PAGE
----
One month ago we moved into our waterfront apartment.
Things that I’d never considered before have grabbed my attention. I have become fascinated with the tides, with the estuary birds that occupy our waterfront, with their habits and antics.
The internet has been invaluable as I’ve researched and learned about the birds. But I’m a book person, so I’ve bought one book on wildlife in Tasmania and have found the local library.
I used to feed the birds in our UK garden, so I’m familiar with the sparrows and starlings that we see in the bushes and trees here. There are some tiny finches and wag tails that I need to research.
I expected to see gallahs, rosellas and sulphur crested cockatoos, the common Australian birds.
The waterbirds have been an education. Little Pied Cormorants sit on the rocks below our window and balcony, each day. They face the wind, sometimes with their heads tucked under their wings. They are lively birds who jostle for positions on the rocks as the tide comes in. They swim around on the water, dive for fish and crustaceans.
After fishing they sit back on the rocks with their wings outstretched to dry as their feathers are not waterproof.
The Little Black Cormorant is more of a social bird. We see them in flocks, swimming and fishing. When one bird takes off, the rest follow, generally flying in V shaped formations. Marine cormorants are commonly known as “shags” here.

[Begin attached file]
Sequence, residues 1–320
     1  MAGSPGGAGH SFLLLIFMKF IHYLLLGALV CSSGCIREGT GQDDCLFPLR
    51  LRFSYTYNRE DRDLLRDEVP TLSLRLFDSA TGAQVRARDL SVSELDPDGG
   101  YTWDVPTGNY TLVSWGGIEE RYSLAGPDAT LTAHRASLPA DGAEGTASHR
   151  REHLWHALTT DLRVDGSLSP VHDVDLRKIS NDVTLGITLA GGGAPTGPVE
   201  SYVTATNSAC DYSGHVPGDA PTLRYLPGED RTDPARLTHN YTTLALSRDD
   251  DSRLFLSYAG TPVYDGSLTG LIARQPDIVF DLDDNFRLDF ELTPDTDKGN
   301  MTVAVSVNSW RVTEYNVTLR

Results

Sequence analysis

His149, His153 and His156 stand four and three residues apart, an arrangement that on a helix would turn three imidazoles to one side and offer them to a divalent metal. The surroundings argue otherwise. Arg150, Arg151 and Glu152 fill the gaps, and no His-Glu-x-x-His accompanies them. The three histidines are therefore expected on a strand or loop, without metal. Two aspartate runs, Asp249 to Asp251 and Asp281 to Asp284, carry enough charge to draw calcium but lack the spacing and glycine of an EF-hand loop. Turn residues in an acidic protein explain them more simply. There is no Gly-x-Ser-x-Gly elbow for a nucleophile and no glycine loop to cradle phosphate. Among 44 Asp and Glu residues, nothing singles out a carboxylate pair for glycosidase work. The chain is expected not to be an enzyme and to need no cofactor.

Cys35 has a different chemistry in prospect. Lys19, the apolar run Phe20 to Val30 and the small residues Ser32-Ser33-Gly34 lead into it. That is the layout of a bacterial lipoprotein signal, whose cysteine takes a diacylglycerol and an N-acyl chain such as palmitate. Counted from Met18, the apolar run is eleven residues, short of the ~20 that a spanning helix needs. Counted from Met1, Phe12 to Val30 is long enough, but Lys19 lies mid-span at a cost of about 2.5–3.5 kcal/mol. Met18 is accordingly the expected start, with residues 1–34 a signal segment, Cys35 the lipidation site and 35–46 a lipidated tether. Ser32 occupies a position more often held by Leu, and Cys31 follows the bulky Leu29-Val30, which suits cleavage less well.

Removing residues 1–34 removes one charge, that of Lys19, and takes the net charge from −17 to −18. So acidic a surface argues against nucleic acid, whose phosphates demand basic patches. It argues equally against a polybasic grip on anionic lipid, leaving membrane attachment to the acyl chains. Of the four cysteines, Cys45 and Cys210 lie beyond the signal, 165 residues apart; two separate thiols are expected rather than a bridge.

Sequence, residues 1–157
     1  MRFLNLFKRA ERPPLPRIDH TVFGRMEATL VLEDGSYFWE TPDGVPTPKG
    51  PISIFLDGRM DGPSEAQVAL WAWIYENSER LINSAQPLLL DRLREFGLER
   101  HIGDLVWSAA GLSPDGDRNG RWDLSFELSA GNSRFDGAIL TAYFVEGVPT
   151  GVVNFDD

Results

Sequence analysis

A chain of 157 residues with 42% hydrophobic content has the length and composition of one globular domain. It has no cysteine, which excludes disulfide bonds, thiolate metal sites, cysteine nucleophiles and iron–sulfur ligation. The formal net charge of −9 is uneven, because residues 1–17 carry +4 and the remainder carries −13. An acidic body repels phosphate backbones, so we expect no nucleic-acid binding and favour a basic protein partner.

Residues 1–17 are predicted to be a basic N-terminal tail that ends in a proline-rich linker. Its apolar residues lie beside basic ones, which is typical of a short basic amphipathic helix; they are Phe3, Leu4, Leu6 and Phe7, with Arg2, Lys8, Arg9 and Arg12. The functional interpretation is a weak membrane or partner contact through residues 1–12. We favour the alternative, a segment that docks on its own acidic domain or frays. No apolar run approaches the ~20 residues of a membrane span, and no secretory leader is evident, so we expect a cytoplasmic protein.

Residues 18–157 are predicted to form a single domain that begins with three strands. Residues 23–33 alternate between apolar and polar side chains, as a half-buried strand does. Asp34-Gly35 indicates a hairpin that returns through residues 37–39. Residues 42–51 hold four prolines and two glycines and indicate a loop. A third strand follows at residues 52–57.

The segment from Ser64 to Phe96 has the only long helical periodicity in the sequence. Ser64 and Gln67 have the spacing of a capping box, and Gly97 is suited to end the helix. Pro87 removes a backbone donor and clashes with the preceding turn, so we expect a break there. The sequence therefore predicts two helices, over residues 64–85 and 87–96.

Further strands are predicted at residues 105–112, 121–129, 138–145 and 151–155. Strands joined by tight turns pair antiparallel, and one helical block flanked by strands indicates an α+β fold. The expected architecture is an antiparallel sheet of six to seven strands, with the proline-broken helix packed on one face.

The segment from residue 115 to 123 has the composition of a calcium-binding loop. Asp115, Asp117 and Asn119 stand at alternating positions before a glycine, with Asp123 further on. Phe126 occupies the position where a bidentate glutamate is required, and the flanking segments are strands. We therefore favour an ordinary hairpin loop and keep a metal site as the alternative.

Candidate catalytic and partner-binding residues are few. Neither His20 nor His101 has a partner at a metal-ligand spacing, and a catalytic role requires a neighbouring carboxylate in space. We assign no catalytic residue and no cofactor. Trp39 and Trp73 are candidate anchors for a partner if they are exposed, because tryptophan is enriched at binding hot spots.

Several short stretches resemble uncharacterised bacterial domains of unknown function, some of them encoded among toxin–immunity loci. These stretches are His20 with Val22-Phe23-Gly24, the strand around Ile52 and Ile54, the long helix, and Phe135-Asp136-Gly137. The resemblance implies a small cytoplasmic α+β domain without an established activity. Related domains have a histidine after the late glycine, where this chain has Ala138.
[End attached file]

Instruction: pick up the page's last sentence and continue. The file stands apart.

At low tide we see Sooty Oystercatches wading in the shallows, foraging in the rocks. As I watch them, I can hear the sound as they bang their quarry on a rock, to get to the meal inside. Along with the Pied Oystercatcher, they move to grass banks when the tide is up. Another foraging bird is the Masked Lapwing. These long legged birds have a specific walk, sedate and precise. Yesterday we saw an egret for the first time. The bird is white. I caught it in shadow as it flew from the beach.
Seagulls are calm and flock on the sand, or swim in the shallows. The Silver Gull is a smaller version of it’s UK cousin and can be just as rowdy or menacing. Kelp Gulls are bigger in size, have darker wings and venture out on the water to fish.
I’ve been told that seals, dolphins and occasionally whales come into the estuary. One way to spot them is by the antics of the birds, who flock over the creatures and the schools of fish that have generally enticed the mammals away from the open ocean. Hopefully we’ll be lucky enough to see these creatures one day.
Meanwhile, I’ll continue to study the flora and fauna of my new home.
The above were my photos but here are some internet photos of the birds.